AllAfrica

 

Advertisements

2 Responses to “Niger: Where Childhood Ends On the Marriage Bed”


  1. January 25, 2008 at 3:11 pm

    I put this on StumbleUpon. More people should be aware of this.

  2. January 25, 2008 at 10:45 pm

    Thanks 1389!
    I agree!
    Here is a similar one I posted.
    Forced Marriages: Sexual Slavery Rape Child Molestation

    It sickens me that anyone would do this to little girls and saddens me when I think of them.


Leave a Reply

Fill in your details below or click an icon to log in:

WordPress.com Logo

You are commenting using your WordPress.com account. Log Out / Change )

Twitter picture

You are commenting using your Twitter account. Log Out / Change )

Facebook photo

You are commenting using your Facebook account. Log Out / Change )

Google+ photo

You are commenting using your Google+ account. Log Out / Change )

Connecting to %s


Welcome

Scarlett Crusader

Est. October 13 2007

Photo Sharing and Video Hosting at Photobucket
Saint Michael the Archangel, defend us in battle. Be our protection against the wickedness and snares of the devil. May God rebuke him, we humbly pray; and do Thou, O Prince of the Heavenly Host - by the Divine Power of God - cast into hell, satan and all the evil spirits, who roam throughout the world seeking the ruin of souls. Amen.

My primary blog

Photobucket

Ironic Surrealism v3.0

Stop by and see me sometime. ;)

Donations accepted via PayPal
Photobucket

Thank You!


Creative Commons License
Scarlett Crusader by scarlett is licensed under a Creative Commons Attribution-Noncommercial-No Derivative Works 3.0 Unported License


Page copy protected against web site content infringement by Copyscape

Free hit counters

Since August 2 2008.

Record stands at 619


page counter

RSS Ironic Surrealism v3.0

  • An error has occurred; the feed is probably down. Try again later.

RSS Unknown Feed

  • An error has occurred; the feed is probably down. Try again later.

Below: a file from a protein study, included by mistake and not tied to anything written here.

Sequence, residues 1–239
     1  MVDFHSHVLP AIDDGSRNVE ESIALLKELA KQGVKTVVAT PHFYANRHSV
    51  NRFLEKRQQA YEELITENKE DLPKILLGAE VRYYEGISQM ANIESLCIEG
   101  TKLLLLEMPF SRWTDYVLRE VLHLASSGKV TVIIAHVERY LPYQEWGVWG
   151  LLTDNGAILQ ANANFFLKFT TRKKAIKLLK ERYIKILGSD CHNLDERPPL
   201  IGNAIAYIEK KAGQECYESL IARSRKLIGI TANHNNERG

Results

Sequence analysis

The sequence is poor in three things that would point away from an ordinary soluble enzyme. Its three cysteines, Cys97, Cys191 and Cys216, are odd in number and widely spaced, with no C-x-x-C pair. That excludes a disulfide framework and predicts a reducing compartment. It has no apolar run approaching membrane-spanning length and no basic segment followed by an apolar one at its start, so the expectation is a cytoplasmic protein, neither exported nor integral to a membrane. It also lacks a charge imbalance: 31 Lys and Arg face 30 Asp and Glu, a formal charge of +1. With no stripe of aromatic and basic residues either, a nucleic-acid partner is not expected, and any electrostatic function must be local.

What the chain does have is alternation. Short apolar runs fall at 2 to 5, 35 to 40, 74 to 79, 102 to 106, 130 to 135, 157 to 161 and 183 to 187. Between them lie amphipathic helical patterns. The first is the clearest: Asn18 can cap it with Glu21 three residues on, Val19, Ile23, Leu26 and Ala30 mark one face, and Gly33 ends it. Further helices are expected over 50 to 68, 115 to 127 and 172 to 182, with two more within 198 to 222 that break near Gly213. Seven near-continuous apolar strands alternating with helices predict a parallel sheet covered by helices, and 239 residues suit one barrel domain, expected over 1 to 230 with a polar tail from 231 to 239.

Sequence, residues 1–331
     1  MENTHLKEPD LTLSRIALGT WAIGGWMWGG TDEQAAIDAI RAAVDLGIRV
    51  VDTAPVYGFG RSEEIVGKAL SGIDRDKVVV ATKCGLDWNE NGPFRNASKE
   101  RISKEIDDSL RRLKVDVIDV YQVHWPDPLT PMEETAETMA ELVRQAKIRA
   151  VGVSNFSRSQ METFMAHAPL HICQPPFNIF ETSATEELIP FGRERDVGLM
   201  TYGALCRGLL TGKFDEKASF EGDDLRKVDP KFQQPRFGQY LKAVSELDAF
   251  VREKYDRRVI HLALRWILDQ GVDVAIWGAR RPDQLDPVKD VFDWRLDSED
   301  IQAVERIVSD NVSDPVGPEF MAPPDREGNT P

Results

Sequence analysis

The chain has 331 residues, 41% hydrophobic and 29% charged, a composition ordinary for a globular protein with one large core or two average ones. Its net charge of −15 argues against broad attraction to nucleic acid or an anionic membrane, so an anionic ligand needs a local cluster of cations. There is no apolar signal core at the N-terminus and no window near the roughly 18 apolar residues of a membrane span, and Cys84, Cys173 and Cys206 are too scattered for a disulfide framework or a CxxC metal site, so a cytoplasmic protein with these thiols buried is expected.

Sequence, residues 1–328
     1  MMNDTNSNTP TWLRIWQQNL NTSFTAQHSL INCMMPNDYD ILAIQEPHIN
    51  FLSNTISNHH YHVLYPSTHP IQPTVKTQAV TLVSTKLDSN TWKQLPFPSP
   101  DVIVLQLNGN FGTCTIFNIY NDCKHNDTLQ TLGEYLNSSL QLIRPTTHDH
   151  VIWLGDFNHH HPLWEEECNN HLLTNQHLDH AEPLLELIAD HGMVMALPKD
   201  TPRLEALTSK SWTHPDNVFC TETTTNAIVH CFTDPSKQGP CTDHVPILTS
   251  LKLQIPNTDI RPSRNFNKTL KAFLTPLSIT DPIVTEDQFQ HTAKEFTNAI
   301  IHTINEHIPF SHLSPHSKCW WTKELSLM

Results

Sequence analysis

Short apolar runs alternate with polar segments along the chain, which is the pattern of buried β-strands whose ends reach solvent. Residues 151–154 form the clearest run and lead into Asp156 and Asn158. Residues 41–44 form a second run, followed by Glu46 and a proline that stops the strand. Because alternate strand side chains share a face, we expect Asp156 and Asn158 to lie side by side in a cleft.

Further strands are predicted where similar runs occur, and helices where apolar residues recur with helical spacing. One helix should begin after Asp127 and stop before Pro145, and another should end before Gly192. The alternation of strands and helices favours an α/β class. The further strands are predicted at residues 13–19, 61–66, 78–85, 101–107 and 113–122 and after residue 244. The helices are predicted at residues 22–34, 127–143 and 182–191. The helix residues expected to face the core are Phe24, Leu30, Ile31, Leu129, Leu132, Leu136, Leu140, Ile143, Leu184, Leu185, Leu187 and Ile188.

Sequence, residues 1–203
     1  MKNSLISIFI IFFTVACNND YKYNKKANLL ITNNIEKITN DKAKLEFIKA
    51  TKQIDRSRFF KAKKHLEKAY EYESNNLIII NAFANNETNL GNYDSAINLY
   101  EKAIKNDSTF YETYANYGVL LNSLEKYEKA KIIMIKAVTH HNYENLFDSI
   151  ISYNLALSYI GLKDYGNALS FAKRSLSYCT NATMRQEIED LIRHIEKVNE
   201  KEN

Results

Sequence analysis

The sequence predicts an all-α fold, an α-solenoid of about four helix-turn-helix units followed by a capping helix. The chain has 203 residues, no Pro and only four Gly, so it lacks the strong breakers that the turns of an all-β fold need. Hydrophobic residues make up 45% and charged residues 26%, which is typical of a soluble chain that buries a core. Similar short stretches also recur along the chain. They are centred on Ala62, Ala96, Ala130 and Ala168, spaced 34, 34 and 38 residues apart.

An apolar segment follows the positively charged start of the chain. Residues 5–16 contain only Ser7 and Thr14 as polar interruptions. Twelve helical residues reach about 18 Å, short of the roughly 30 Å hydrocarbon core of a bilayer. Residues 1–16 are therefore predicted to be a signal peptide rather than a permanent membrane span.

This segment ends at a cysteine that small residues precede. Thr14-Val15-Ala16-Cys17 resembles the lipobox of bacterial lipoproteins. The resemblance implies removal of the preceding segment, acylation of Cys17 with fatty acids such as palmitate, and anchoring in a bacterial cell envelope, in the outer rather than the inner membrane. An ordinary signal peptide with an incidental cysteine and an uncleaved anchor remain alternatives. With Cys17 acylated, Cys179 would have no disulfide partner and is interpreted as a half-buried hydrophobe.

Visits

  • 208,647 hits

Free Hit Counter


*~*~*~*~*`*~*~*~*~*~*~*~ Photobucket

Amina and Sarah Said - GODS ANGELS @ MYSpace *~*~*~*~*`*~*~*~*~*~*~*~

Online Photo Album of Yaser Said (Wanted for Murder) @ Joinhunt4yasser's Fotothing- public domain

*~*~*~*~*`*~*~*~*~*~*~*~

Let’s Put Yasser (Said) Behind Bars @ YouTube

*~*~*~*~*`*~*~*~*~*~*~*~

Shariah Awareness Ribbon

post this on your own blog to bring awareness to the abuse of women under shariah law

Chronology

January 2008
S M T W T F S
« Dec   Mar »
 12345
6789101112
13141516171819
20212223242526
2728293031  

Vault



Photobucket

Be sober, be vigilant; because your adversary the devil, as a roaring lion, walketh about, seeking whom he may devour”

1 Peter 5:8

Photo Sharing and Video Hosting at Photobucket


Fitna has arrived!


Photobucket

Photo Sharing and Video Hosting at Photobucket

Photobucket - Video and Image Hosting

I will not submit.
I will not surrender.

Photo Sharing and Video Hosting at Photobucket

a

Rankings As of 4-8-08

Where in the world

Pictures Worth a Thousand Words

RSS Memri

  • An error has occurred; the feed is probably down. Try again later.

RSS ADF Alliance Alert – Religious Freedom

  • An error has occurred; the feed is probably down. Try again later.

RSS Unknown Feed

  • An error has occurred; the feed is probably down. Try again later.

Flickr Photos


%d bloggers like this: